“Shock Theater”: October 3, 1954
(Original air date: May 22, 1991)
Season three of Quantum Leap ends with a high voltage sizzle and the zap of lightning, when Sam Beckett leaps into Sam Beiderman, a psychiatric patient in a mental hospital in Havenwell, Pennsylvania. Beiderman has lashed out at one of the orderlies, and before Sam can do anything to orient himself to his locale or put a positive spin on the attack, he’s given a massive and unnecessary dose of electroshock therapy. The jolt scrambles his mind well beyond its usual state of partial, leap-induced amnesia. After it, Sam is confused, afraid, uncooperative…and utterly incapable of processing anything beyond his fervent desire to get away from the hospital.
By way of making sense of his disoriented state, Sam grabs at scraps of people he’s leaped into previously, adopting their personas. He becomes Samantha Stormer, a young secretary he helped with workplace sexual harassment, and then Jesse Tyler, the black chauffeur from “The Color of Truth.” The doctors in Havenwell drink it all up, thinking they’ve got an emerging case of multiple personality disorder on their hands. Al, meanwhile, discovers that a good half-dozen of the hospital’s other patients can see him.
Sam’s shifting personalities also threatens his link to Project Quantum Leap. If Al cannot find a way to restore his memory and help him leap away from 1954, the two may lose touch altogether.
Televised science fiction has rarely been a beacon of hard science fiction, and Quantum Leap was never very rigorous: the show always had as much spirituality and magic in it as physics. If you choose to really examine “Shock Theatre,” you see the plot holes looming especially large. The story’s development has more in common with Wagner’s Der Ring des Nibelungen than it does with any kind of logic. So don’t look too closely: in fact, enjoy it as though it were, in fact, an opera. This episode is dramatic, and laden with big outbursts, teary reunions, and perils both real and psychic.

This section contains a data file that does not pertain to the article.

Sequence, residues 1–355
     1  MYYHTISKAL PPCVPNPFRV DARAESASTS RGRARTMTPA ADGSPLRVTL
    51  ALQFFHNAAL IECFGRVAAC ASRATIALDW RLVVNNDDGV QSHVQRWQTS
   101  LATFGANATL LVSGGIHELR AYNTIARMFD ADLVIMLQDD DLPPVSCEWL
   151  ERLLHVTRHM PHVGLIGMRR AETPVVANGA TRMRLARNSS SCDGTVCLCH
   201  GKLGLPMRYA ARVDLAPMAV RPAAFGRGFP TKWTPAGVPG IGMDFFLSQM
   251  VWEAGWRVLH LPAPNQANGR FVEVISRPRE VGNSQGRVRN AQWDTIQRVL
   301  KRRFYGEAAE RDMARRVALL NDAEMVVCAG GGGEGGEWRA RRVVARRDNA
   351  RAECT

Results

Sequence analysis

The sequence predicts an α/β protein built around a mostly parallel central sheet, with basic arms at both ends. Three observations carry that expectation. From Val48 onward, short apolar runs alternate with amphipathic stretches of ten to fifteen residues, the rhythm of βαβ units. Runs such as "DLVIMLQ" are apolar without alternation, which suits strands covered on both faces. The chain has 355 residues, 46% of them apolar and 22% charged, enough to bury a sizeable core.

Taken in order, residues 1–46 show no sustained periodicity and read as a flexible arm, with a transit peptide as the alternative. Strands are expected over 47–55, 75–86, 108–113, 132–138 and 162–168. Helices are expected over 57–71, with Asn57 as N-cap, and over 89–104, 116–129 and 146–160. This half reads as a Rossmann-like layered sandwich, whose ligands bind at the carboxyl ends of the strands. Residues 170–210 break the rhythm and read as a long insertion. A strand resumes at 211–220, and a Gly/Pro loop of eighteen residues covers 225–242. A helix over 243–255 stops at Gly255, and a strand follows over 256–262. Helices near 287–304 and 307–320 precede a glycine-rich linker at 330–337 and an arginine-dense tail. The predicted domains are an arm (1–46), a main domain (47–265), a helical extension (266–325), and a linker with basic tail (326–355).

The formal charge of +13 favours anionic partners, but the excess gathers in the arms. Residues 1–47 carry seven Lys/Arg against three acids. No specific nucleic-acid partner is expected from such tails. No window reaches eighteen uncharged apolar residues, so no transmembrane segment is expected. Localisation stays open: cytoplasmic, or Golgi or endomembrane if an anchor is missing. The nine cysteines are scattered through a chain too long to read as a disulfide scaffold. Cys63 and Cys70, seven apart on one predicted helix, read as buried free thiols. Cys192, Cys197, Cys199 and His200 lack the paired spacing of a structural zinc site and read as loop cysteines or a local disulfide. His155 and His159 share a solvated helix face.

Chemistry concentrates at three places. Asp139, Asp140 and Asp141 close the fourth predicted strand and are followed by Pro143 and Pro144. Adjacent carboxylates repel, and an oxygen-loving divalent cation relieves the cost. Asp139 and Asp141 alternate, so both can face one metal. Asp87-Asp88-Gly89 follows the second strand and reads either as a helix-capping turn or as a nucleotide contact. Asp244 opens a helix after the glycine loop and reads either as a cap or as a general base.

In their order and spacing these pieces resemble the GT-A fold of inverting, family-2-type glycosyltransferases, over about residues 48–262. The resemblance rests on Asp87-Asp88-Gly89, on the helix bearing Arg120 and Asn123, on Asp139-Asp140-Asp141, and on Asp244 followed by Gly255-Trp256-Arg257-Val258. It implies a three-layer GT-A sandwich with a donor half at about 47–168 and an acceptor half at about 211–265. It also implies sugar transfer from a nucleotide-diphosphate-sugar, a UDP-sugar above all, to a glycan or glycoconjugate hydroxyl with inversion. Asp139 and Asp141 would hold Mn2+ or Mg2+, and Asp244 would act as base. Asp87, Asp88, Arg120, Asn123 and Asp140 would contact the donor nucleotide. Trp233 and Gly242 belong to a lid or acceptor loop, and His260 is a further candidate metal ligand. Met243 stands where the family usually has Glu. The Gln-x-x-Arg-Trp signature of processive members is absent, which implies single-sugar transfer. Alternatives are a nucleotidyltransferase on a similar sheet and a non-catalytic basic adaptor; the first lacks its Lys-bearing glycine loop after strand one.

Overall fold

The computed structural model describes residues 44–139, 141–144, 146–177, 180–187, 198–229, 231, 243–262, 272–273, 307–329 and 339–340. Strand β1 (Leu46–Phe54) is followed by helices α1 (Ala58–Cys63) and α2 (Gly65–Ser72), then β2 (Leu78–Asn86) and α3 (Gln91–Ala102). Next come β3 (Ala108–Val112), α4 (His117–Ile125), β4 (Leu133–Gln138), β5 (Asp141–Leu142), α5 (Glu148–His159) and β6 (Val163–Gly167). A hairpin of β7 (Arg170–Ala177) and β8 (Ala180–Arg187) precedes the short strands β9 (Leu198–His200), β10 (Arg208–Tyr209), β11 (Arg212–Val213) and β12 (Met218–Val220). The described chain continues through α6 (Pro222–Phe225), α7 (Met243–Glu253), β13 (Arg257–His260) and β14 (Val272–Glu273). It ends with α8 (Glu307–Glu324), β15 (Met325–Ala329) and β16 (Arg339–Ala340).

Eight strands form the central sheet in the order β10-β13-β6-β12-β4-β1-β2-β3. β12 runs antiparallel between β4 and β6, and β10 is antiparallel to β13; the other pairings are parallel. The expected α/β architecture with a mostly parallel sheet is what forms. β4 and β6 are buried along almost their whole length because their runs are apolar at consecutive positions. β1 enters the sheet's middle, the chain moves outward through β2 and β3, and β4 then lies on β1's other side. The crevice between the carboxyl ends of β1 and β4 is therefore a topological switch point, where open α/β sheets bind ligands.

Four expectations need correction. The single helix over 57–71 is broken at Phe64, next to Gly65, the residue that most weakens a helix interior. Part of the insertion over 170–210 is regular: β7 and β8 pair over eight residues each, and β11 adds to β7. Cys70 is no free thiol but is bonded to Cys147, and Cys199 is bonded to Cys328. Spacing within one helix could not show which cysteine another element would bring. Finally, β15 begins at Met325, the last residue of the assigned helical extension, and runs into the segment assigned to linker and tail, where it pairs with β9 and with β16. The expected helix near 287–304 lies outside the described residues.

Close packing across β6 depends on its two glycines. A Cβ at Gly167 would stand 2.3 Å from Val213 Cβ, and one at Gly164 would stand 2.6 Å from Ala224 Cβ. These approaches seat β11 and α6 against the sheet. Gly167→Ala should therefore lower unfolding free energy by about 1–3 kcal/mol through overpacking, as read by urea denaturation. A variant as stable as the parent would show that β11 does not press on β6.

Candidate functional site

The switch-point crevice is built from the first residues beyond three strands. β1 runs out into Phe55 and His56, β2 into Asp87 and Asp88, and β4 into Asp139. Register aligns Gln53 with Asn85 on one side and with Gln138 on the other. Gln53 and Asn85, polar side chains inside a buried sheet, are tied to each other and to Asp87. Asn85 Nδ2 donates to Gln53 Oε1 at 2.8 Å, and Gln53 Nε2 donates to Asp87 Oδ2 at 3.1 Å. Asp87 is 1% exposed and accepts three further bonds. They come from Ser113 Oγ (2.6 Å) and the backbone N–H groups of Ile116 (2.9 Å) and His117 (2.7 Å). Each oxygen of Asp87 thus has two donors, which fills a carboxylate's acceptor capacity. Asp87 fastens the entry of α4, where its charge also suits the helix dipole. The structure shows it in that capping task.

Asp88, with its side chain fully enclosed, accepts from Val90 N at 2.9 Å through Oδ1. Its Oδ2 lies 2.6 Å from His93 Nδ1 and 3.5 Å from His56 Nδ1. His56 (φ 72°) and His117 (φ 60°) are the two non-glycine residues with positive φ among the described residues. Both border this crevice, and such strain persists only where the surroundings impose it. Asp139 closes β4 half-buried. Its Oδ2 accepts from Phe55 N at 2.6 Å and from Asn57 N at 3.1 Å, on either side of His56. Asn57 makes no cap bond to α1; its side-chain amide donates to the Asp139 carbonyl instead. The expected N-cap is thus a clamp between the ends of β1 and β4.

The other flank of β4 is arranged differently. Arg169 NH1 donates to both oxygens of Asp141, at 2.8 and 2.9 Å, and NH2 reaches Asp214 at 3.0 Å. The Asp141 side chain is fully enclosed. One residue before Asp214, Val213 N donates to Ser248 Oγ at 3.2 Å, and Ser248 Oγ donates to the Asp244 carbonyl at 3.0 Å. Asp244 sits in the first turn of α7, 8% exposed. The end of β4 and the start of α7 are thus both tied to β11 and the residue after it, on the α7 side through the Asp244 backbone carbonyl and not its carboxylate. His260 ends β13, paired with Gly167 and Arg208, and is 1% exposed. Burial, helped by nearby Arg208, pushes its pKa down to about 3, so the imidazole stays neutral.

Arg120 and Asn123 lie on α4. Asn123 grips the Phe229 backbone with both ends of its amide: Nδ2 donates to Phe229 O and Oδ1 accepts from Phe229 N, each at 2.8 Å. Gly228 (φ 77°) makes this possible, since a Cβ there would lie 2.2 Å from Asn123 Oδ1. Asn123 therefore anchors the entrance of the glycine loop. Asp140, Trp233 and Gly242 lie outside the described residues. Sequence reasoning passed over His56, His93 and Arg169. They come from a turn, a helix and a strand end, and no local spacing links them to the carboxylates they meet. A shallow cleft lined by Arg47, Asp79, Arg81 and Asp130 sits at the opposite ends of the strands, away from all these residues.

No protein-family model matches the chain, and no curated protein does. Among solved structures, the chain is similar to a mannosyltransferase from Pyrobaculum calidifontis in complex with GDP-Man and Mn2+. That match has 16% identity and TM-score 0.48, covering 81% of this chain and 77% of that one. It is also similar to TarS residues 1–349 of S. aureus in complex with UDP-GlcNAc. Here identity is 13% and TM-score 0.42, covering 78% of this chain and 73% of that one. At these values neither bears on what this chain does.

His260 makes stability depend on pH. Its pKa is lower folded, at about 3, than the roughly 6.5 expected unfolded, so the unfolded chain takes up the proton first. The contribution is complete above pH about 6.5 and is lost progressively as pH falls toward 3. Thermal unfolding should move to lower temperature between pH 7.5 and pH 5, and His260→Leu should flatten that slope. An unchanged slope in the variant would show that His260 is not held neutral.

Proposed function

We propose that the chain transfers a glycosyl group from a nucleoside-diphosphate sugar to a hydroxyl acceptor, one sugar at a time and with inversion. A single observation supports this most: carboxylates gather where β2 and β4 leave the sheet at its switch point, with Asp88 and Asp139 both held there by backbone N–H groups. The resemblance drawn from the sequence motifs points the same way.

(Al even gets to sing again… well, sort of. He gets to rap. Whether or not this is a good thing, I leave to you.)
The point of opera, you see, is not that it makes literal sense, or has a plot that holds together like a finely tuned watch. The only logic is emotional. Scott Bakula gets to completely chew the scenery here as he switches from one personality to the next. Danger threatens from all sides: there’s the nasty orderly, the predatory doctors with their big needles full of drugs, the chance Al will vanish. Sam faces the risk of becoming mad, permanently, and finding himself trapped in an especially inhumane mental health facility.
And all of it, in its way, is payback.
When I watched “The Leap Home,” I talked about Sam’s lapse from his usual altruism, and how it ultimately hurt Al more than it hurt him. In “Shock Theater,” that debt comes due. Sam simply suffers, and there is no way for anyone to prevent it. Not even the friend who so generously forgave him can spare Sam the wrath of the universe.
It is the nature of fiction to overly punish its heroes for having feet of clay. (Remember what happened when Buffy and Angel got together? She had sex, hardly the biggest of moral lapses, and yet the carnage was terrible. And then she got raked over the coals for running away after she’d put things right!) The narrative logic goes something like this: our heroes are supposed to be better than ordinary mortals, and so when they fail us, they must endure consequences that are all out of proportion to their alleged “sins.”
Of course, the real reason for this trend is that it makes for unforgettable TV.
Am I reaching to tie the events of “Shock Theater” all the way back to the end of the preceding season, to “M.I.A.” and Sam’s return to Elk Ridge, Indiana? In the nineties, after all, few science fiction series had the kind of arc writing we see from most dramatic shows now. Quantum Leap didn’t have the kind of piece-by-piece storytelling of a Babylon 5, a Farscape, or Buffy. But the threads are there. Sam buys into a crazy, painful solution to his entrapment in the 1954 mental hospital, and his next leap takes him home to his own timeline. He gets his memory back, and reaps the rewards of his various changes to his own past. He gets the option to stop leaping. It is a chance, once more, to think of himself.
Instead he leaps again, because the choice is the same one that confronted him earlier, and again it’s Al who is at risk. This time, Sam doesn’t even hesitate.
A.M. Dellamonica writes novels and short fiction and teaches writing online. She is passionate about environmentalism, food and drink, and art in every form, and dabbles in several: photography, choral music, theater, dance, cooking and crafts. Catch up with her on her blog here.